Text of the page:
Dependency scanning is the process of finding vulnerabilities in software dependencies while developing and testing the application. Automation tools for this activity generally create a list of dependencies and check them against known vulnerabilities. This may also include using multiple versions of dependencies, which ultimately creates inconsistencies. 

  • Ensure Pipeline Monitoring 

A DevOps cycle should be continuously monitored at the infrastructure, application, and network levels. There are several automation tools available that help in monitoring the software development cycle. There are tools and processes for monitoring networks, hardware, software, performance & health of the applications in production. In addition to these, DevOps monitoring tools also scan the network activities and components such as routers, firewalls, routers, etc., and detect security vulnerabilities across the network. 

ALSO READ: A CTO's Guide to DevOps and its Services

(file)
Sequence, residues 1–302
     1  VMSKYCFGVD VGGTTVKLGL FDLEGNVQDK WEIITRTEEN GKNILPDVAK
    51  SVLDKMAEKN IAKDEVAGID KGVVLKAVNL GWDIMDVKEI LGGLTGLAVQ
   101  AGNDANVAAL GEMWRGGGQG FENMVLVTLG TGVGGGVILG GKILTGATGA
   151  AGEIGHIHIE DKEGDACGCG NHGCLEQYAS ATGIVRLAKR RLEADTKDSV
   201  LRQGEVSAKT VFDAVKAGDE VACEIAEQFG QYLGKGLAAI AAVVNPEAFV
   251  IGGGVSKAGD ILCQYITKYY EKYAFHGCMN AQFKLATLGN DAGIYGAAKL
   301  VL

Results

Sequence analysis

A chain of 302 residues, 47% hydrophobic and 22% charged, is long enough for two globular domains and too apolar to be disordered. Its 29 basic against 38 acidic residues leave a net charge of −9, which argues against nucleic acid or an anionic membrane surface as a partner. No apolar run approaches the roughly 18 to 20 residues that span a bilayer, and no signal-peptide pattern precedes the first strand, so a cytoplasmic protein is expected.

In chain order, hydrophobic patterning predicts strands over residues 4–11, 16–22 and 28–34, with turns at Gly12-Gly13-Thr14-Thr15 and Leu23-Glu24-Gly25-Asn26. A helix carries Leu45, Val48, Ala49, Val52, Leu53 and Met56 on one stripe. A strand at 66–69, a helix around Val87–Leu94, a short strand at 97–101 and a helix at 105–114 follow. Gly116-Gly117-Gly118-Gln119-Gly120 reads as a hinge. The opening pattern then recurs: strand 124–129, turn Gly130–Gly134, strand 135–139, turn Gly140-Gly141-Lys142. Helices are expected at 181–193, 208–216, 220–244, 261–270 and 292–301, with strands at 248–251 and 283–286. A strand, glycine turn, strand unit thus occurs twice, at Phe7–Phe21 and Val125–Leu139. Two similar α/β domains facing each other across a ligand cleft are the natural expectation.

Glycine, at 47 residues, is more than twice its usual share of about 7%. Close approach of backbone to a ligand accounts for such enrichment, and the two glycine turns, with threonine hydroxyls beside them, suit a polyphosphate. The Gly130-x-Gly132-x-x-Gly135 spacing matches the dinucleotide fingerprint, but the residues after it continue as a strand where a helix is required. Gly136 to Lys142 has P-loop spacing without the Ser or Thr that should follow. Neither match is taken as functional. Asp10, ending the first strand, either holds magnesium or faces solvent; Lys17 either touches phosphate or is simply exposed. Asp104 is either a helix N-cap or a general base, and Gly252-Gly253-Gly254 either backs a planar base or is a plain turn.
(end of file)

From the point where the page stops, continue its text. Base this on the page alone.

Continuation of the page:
Conclusion: 

DevOps CI/CD pipelines have important information about the software delivery process. This includes system access, environment configurations, codebase, etc., which can be a help to help attackers to exploit the environment. That is why securing the CI/CD pipeline should be on the prime list of the DevSecOps team.

When securing a DevOps workflow, there are two critical aspects in consideration:

  • Ensuring the security of code
  • Ensuring the security of the pipeline

If automating DevOps workflow is on your business’ tech roadmap, then our DevOps services are what your business needs right now. To know how to get started with it, connect with our experts with a free, no-obligation consultation. 

Topics: DevOps

Archna Oberoi

Written by Archna Oberoi

Content strategist by profession and blogger by passion, Archna is avid about updating herself with the freshest dose of technology and sharing them with the readers. Stay tuned here as she brings some trending stories from the tech-territory of mobile and web.